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Cancer Res. 2009 Jun 1;69(11):4750-9. doi: 10.1158/0008-5472.CAN-09-0454. Epub 2009 May 19.

Targeting focal adhesion kinase with dominant-negative FRNK or Hsp90 inhibitor 17-DMAG suppresses tumor growth and metastasis of SiHa cervical xenografts.

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Ontario Cancer Institute, Departments of Laboratory Medicine and Pathobiology, University of Toronto, Toronto, Ontario, Canada.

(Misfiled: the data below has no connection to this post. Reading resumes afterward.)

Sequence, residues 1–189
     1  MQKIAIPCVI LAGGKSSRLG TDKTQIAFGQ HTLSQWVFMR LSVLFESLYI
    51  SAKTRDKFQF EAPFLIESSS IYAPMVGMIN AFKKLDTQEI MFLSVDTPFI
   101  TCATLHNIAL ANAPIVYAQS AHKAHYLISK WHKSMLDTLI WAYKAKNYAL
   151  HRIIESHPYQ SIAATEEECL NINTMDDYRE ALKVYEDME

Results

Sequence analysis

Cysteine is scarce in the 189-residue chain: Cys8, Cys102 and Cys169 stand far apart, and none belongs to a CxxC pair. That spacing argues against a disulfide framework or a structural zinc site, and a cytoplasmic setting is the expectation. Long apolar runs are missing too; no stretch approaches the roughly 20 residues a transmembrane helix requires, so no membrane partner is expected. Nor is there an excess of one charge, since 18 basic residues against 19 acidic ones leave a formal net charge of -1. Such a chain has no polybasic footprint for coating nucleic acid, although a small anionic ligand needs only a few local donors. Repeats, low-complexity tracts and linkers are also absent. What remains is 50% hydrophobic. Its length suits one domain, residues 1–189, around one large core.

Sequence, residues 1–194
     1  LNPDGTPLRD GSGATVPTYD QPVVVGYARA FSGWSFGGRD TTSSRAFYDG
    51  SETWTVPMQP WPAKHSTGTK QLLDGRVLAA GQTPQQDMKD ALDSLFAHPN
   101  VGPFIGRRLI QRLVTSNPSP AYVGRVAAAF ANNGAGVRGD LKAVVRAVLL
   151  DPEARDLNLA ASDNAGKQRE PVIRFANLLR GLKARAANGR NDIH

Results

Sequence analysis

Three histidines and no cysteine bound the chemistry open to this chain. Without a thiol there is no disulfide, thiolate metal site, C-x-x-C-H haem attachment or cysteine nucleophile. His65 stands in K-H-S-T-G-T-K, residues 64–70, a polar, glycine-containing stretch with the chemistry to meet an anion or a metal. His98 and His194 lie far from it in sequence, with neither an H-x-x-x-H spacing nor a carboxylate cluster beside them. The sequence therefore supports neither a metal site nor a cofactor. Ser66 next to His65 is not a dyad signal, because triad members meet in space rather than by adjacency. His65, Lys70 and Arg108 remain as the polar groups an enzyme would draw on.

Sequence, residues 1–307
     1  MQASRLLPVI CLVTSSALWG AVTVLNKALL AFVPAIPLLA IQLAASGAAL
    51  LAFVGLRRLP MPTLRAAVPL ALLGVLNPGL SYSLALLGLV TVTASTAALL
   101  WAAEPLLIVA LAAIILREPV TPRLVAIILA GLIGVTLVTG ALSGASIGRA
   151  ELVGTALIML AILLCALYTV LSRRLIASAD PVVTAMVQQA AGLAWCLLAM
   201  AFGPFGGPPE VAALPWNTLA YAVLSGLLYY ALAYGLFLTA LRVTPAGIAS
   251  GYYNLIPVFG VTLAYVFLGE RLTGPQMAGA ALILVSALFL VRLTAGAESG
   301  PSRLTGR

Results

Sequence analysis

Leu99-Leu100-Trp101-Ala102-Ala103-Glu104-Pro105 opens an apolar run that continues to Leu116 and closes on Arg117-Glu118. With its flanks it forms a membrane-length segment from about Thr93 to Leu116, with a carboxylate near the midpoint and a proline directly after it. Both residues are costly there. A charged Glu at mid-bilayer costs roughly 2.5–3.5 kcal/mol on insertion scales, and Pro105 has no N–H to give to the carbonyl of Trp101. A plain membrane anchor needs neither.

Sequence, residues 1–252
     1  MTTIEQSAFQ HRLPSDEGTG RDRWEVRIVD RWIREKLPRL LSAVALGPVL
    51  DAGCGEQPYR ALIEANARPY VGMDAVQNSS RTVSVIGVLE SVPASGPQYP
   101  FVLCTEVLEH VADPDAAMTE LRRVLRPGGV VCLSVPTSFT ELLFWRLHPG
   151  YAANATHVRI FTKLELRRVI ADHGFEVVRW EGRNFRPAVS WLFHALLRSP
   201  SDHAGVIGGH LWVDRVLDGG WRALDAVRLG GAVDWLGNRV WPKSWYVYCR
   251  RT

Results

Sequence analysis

Focal adhesion kinase (FAK), a nonreceptor protein tyrosine kinase and key modulator of integrin signaling, is widely expressed in different tissues and cell types. Recent evidence indicates a central function of FAK in neoplasia where the kinase contributes to cell proliferation, resistance to apoptosis and anoikis, invasiveness, and metastasis. FAK, like other signaling kinases, is dependent on the chaperone heat shock protein 90 (Hsp90) for its stability and proper function. Thus, inhibition of Hsp90 might be a way of disrupting FAK signaling and, consequently, tumor progression. FAK is expressed in high-grade squamous intraepithelial lesions and metastatic cervical carcinomas but not in nonneoplastic cervical mucosa. In SiHa, a cervical cancer cell line with characteristics of epithelial-to-mesenchymal transition, the stable expression of dominant-negative FAK-related nonkinase decreases anchorage independence and delays xenograft growth. FAK-related nonkinase as well as the Hsp90 inhibitor 17-dimethylaminoethylamino-17-demethoxygeldanamycin both negatively interfere with FAK signaling and focal adhesion turnover. Short-term 17-dimethylaminoethylamino-17-demethoxygeldanamycin treatment prolongs survival in a SiHa lung metastasis model and chronic administration suppresses tumor growth as well as metastatic spread in orthotopic xenografts. Taken together, our data suggest that FAK is of importance for tumor progression in cervical cancer and that disruption of FAK signaling by Hsp90 inhibition might be an avenue to restrain tumor growth as well as metastatic spread.

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